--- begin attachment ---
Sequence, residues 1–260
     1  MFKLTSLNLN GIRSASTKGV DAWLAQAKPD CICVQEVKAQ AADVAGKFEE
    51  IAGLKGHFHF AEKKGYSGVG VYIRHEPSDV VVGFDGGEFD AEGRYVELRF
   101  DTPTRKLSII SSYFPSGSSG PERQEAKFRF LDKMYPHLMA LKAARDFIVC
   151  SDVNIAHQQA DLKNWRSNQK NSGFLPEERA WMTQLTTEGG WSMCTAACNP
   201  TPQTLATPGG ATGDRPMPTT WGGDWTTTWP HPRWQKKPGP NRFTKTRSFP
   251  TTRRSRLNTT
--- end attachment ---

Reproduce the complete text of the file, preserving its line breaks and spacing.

Sequence, residues 1–260
     1  MFKLTSLNLN GIRSASTKGV DAWLAQAKPD CICVQEVKAQ AADVAGKFEE
    51  IAGLKGHFHF AEKKGYSGVG VYIRHEPSDV VVGFDGGEFD AEGRYVELRF
   101  DTPTRKLSII SSYFPSGSSG PERQEAKFRF LDKMYPHLMA LKAARDFIVC
   151  SDVNIAHQQA DLKNWRSNQK NSGFLPEERA WMTQLTTEGG WSMCTAACNP
   201  TPQTLATPGG ATGDRPMPTT WGGDWTTTWP HPRWQKKPGP NRFTKTRSFP
   251  TTRRSRLNTT